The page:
Our back yard has a dead zone, a corner that gets too much water and too little light.* Early this spring, it became clear that two plants back there, a skip laurel and a holly (I think blue princess but I forget...) -- each of which had thriving twins not far away -- were at death's door, the holly two thirds brown, the laurel spotted and nearly bare. Below, the two sick plants, followed by the healthy holly twin (with healthy laurel in background).
We consulted with a neighbor of gardening genius. He had us move each of the ailing plants 2-3 feet to improve their access to light, build up the soil (earlier, he'd steered us toward putting in a drainage channel and the thriving uphill holly to soak up some of the excess water), and fertilize. We also treated the laurel with an anti-fungal spray.
Both plants stabilized. Healthy growth stopped turning brown or spotted. Each put out a few green shoots.
And that was it. Both remain in a kind of suspended animation, two thirds bare with no dead wood or leaves.
It occurs to me that this southeast corner of our garden has neatly tracked the nation's economy -- a near-death experience, followed by stabilization and short growth spurt that quickly stalled.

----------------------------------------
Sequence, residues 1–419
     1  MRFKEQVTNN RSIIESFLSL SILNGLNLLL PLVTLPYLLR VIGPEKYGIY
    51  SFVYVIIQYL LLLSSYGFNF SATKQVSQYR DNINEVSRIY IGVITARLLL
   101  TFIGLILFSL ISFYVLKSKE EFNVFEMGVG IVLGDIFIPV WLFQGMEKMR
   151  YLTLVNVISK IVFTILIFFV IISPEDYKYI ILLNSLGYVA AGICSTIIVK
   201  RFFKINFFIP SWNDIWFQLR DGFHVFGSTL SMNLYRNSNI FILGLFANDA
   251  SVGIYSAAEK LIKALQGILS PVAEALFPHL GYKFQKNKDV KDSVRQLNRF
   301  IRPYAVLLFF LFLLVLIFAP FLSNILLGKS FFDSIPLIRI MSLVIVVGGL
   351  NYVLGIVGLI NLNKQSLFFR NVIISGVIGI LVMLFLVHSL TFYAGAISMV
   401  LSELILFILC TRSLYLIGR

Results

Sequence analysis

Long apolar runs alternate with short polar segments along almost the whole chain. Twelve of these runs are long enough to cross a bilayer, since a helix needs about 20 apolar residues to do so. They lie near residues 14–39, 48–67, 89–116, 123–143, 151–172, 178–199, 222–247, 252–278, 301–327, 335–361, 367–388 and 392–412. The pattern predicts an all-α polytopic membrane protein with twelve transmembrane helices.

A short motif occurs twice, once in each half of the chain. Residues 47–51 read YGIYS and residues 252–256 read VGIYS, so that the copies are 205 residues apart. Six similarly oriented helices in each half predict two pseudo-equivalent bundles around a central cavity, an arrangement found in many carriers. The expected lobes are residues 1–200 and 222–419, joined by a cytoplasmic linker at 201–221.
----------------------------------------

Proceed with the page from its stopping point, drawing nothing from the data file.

What economic lessons can be extracted from this extended analogy? Absolutely none. But it's striking, nonetheless.
INSTA-UPDATE: Come now, you can do better than that. Plainly, the problems in that corner are structural: the whole housing lot runs downhill to it, making it too wet; and a tree to the right, behind the garage that defines its border, overshadows it (n.b. the large tree to the left is far back, not at issue).
What that corner requires is radical reform: cutting down the tree (break up the megabanks!), running a drainage pipe alongside the garage (resolution authority!), and dumping a couple of truckfulls (trucks full?) of dirt on the back half of the lawn to level it, then reseeding it (education reform!).
Will we undertake this package of bold structural reforms? Nah...
* The ten year body count in that corner include an apple tree, a butterfly bush, and a birch (planted because of its high tolerance for water).
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